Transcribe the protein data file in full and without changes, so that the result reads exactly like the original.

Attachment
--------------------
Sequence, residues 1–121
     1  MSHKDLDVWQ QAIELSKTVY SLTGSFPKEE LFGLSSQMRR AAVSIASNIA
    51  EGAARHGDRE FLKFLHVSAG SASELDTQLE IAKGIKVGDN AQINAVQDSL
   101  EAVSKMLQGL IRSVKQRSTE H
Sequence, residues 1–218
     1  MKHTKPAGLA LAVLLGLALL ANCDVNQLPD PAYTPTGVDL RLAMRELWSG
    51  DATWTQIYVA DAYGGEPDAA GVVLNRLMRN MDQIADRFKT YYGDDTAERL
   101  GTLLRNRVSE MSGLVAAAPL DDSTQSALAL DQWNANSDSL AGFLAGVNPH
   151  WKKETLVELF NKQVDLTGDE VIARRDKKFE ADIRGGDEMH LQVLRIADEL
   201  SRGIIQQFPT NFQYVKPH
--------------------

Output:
Sequence, residues 1–121
     1  MSHKDLDVWQ QAIELSKTVY SLTGSFPKEE LFGLSSQMRR AAVSIASNIA
    51  EGAARHGDRE FLKFLHVSAG SASELDTQLE IAKGIKVGDN AQINAVQDSL
   101  EAVSKMLQGL IRSVKQRSTE H
Sequence, residues 1–218
     1  MKHTKPAGLA LAVLLGLALL ANCDVNQLPD PAYTPTGVDL RLAMRELWSG
    51  DATWTQIYVA DAYGGEPDAA GVVLNRLMRN MDQIADRFKT YYGDDTAERL
   101  GTLLRNRVSE MSGLVAAAPL DDSTQSALAL DQWNANSDSL AGFLAGVNPH
   151  WKKETLVELF NKQVDLTGDE VIARRDKKFE ADIRGGDEMH LQVLRIADEL
   201  SRGIIQQFPT NFQYVKPH